I was at a Comic Con recently and walked into a room that was showing the latest Marvel trailers. With no escape, I took to jabbering with my sister as loud as possible so we wouldn’t be able to register anything of the trailers. This is an exercise we must repeat every time we go to the cinemas, especially nearing the release of a new geek film. We close our eyes and talk loudly, inanities really, anything to drown out the sound. I’m sure our fellow audience members think we’re crazy but hey, at least when we watch the actual film, we are surprised from beginning to end.

Film is an altogether different beast from television, though. With TV, we’re battling weekly spoilers. No sooner has an episode been broadcast than stills are circulated on the internet. For those of us who wait till the weekend to catch up with our shows (and sometimes, two or three weekends later!), social media becomes an absolute minefield to navigate.

There’s also another promotional medium that contributes to industry-sanctioned spoilers – live-tweeting an episode. I live-tweet from events and it is immense fun so, I can see why stars of shows would want to do this. But, it is a real pain for someone who isn’t watching the show at the same time.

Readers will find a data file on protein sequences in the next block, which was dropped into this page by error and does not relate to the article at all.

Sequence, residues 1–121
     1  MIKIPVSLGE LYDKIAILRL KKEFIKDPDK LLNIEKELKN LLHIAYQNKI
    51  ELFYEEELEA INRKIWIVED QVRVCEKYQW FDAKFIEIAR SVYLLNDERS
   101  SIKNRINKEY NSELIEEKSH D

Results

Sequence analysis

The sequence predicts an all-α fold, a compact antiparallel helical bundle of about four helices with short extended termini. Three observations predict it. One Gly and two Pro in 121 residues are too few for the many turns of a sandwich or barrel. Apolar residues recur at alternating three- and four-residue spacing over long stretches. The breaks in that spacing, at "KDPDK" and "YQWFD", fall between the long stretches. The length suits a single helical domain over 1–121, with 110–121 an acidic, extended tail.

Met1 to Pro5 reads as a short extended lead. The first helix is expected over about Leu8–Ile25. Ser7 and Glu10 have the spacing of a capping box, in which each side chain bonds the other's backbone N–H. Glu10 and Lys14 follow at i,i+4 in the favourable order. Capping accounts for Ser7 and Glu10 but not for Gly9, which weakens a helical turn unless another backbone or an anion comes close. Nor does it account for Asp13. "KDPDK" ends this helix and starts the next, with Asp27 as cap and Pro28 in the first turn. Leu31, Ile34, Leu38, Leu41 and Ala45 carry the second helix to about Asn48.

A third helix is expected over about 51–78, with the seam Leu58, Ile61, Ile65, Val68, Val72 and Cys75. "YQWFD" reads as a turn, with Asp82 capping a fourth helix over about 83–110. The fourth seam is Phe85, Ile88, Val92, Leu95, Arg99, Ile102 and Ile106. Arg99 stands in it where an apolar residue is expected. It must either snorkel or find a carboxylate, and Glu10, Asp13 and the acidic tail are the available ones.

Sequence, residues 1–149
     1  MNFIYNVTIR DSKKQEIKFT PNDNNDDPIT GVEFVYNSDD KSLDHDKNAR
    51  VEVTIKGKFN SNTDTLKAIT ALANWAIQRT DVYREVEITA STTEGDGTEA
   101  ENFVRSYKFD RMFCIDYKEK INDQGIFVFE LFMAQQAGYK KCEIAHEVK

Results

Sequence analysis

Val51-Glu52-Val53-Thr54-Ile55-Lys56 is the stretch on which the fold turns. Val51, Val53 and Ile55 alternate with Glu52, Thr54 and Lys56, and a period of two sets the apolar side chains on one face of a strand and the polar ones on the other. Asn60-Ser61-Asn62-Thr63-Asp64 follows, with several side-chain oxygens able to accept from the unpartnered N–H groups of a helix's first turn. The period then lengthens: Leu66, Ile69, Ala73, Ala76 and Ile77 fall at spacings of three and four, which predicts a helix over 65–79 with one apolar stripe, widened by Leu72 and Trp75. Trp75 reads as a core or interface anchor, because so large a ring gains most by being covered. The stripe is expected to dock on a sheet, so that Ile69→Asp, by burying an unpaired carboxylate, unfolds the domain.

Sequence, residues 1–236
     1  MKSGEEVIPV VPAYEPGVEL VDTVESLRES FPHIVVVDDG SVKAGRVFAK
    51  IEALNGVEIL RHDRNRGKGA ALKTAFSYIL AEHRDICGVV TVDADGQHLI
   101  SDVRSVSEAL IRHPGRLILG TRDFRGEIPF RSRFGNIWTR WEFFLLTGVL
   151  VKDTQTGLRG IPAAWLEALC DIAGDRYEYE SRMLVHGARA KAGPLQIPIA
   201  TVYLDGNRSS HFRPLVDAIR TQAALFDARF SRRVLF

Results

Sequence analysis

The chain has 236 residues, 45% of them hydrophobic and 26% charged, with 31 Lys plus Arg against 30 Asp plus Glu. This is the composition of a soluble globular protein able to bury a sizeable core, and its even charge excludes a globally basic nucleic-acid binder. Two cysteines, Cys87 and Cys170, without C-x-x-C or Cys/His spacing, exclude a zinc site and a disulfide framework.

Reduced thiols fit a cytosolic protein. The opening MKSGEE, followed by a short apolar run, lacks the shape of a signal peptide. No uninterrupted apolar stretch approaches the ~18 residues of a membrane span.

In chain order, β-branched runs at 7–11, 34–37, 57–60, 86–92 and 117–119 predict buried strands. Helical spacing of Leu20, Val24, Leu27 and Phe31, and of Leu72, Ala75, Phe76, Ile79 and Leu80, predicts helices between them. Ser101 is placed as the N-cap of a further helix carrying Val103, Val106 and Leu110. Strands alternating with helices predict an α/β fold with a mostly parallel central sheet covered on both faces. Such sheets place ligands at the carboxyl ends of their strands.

Most of the time, however, stars of geek shows tend to keep their posts deliberately vague so followers get an inkling that something big is about to take place on the show or that there’s going to be an amazing action set-piece coming up without giving away too much. They are respectful of the fans’ desire to enjoy the surprises in store for them.

I remember watching the first episode of season 3 of Arrow, when the Black Canary, Sara Lance was killed off. We had been busy again and only watched the episode well after it aired. I had been avoiding articles whose headlines screamed about a major character’s death which was aggravating. I was pleasantly surprised when Stephen Amell, star of Arrow, only wrote about Sara Lance’s demise the day after we watched the episode, something like 10 days after initial airing. He’d given the fans enough time to watch the episode before he bid goodbye to Caity Lotz, who portrays Lance.

Now, I don’t mean to say that there should be no conversation about geek films and television shows. As I said above, geekdom is all about connecting with others. But, it’s how we connect that has become the problem. Of course, we want to discuss everything in minute detail but there has to be a way to do that without spoiling it for others.